He was discharged to JB Guest House on November 30, 2017.

In writing this I came across a quote from Rabbi Menachem Schneerson: “If you see what needs to be repaired and how to repair it, then you have found a piece of the world that God has left for you to complete.”

Judy did not come to Ethiopia saying “Let me find a kid to help.” But once she ran into Moges, she turned it into an opportunity to save his life. Thanks to these efforts – all spurred by a “coincidental” phone call, Moges now has a new life, with expanded lungs.

I smile as I write this. I await another coincidence as soon as it comes along.

Please support us to continue this work. We can’t thank you enough!

All my best,


Rick Hodes, MD, MACP

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2017 Annual Report

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Dear Friends and Supporters,

We’re at the end of another amazing year, and we’d like to thank you for all of your incredible support! We simply couldn’t do this work without you. I encourage you to take a look at our 2017 Annual Report, which highlights both our successes and the help we’ll need moving forward.

We’re making one last fundraising push before the end of 2017 to help the 100+ patients we have in line for complex surgery. Please donate to help them.

With appreciation,


Rick Hodes, MD




We can help Solomon walk for the first time!

DSC00242Friends – we need YOUR help to change Solomon’s life.

Solomon had polio as an infant and has always been in a wheelchair. He has a very twisted spine and has lost over half his lung capacity.

Solomon is from a town in S. Gondar called Debre Tabor. He was a solid high school student and has just registered to study computers and database management in college, a good field for someone confined to a wheelchair.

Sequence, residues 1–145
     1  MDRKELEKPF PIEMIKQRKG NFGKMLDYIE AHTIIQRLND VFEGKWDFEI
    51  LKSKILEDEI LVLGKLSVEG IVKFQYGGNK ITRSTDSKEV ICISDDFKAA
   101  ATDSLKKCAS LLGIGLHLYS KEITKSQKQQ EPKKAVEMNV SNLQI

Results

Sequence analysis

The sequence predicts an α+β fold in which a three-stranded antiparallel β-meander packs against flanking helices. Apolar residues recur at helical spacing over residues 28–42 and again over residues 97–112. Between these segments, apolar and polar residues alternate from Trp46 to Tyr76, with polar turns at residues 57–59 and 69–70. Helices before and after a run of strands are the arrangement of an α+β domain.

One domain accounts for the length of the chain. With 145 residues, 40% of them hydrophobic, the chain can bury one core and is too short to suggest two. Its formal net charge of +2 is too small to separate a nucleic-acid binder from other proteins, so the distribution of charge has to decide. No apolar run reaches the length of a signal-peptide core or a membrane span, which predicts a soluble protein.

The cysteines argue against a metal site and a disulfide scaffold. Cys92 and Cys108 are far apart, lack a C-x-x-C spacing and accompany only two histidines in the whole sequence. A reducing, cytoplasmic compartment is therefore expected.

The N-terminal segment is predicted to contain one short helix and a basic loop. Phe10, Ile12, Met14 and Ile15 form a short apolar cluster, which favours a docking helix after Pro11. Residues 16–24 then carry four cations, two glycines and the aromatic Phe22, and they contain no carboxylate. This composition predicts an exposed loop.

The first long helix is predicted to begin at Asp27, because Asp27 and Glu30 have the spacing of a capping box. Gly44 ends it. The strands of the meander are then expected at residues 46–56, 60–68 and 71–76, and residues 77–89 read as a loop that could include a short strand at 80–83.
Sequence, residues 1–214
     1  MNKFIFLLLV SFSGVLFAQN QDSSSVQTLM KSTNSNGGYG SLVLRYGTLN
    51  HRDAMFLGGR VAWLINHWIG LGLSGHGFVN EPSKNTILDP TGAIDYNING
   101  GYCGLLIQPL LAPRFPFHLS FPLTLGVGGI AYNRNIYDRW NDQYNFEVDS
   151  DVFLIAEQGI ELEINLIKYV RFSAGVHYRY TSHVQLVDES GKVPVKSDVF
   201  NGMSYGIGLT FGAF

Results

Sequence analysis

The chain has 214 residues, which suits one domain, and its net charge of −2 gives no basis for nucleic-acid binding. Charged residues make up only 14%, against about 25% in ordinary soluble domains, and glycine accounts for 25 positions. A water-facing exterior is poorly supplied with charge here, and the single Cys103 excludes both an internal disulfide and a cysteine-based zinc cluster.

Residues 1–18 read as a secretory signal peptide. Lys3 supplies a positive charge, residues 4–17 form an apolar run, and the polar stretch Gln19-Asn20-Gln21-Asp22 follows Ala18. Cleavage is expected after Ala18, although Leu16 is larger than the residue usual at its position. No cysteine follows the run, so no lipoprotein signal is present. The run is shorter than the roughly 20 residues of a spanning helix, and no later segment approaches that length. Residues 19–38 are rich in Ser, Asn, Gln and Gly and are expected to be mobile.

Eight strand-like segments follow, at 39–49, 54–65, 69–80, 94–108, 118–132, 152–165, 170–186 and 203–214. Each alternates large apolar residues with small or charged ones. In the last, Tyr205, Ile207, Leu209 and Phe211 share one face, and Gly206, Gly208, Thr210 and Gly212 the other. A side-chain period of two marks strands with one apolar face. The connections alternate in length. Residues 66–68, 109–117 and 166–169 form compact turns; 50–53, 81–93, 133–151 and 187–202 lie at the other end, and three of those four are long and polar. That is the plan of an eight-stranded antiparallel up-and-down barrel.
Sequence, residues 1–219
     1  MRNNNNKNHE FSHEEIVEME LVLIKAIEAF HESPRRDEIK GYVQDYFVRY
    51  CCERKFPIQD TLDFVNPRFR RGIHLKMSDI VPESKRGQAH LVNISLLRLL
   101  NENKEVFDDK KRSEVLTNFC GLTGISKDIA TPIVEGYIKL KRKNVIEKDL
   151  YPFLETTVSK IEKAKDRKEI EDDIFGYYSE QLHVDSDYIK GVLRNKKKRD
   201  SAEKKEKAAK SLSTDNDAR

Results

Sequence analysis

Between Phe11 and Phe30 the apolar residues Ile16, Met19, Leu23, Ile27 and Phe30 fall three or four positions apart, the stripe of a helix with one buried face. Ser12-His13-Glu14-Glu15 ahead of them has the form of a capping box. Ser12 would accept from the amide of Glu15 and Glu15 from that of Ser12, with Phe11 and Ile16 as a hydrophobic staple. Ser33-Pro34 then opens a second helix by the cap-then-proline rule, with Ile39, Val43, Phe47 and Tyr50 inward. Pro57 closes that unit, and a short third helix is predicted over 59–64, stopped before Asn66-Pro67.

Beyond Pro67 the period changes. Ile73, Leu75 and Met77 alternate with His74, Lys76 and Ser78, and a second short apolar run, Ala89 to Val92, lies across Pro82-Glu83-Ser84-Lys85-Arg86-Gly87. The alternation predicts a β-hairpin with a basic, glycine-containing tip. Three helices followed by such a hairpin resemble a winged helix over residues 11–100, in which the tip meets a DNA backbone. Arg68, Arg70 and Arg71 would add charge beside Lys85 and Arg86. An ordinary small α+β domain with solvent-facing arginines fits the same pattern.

Solomon reports that his classmates were helpful and friendly, and he was never teased. We see amazing kindness here. He is the 4th of 6 kids. His dad is a government worker, and his mom a housewife.

The family assumed there was no treatment, and he never consulted a doctor. However, Solomon’s niece was born with a cleft lip and came to Addis Ababa for surgery. They asked if there is any spine doctor in Ethiopia and were referred to our clinic.

On exam, we were happy to see that while Solomon has the thin legs of a patient who has survived polio, he does have some working muscles, and he’s able to lift 1 leg against gravity and move the other side-to-side.

We immediately saw that this is a kid we can really help. What he needs – and has needed for a decade – is to spend a couple of months in ambulatory traction and then have corrective surgery.

He has good upper body strength and is very flexible, a good sign that his traction will be easy and short – about 2 months – and then have surgery.

Because he has upper arm strength and some leg motion, there is at least a possibility that they can put braces on his legs (making them inflexible) and he could walk for the first time in his life with crutches or with parallel bars. Walking with straight legs and crutches takes a lot of energy, but it may give him mobility which he does not have now.

Certainly, even if he can’t walk after surgery, he will be better because his back will be straight and his lungs expanded.

One of the problems which polio patients face in the second half of their lives is post-polio syndrome which weakens the muscles. If this happens, then having his back straight and lungs expanded may well save his life.

I am excited to be able to send him for surgery. Now we need your help to raise funds for him!

This is a kid whom we can really help and completely turn around his life. Wouldn’t that be amazing – walking upright for the first time at age 18?!

We need your help to send Solomon to FOCOS Hospital in Accra for traction and surgery by the great Dr. Boachie and his team. We need to raise $20,000. Every gift helps, please join in.

All my best,

Rick Hodes, MD, MACP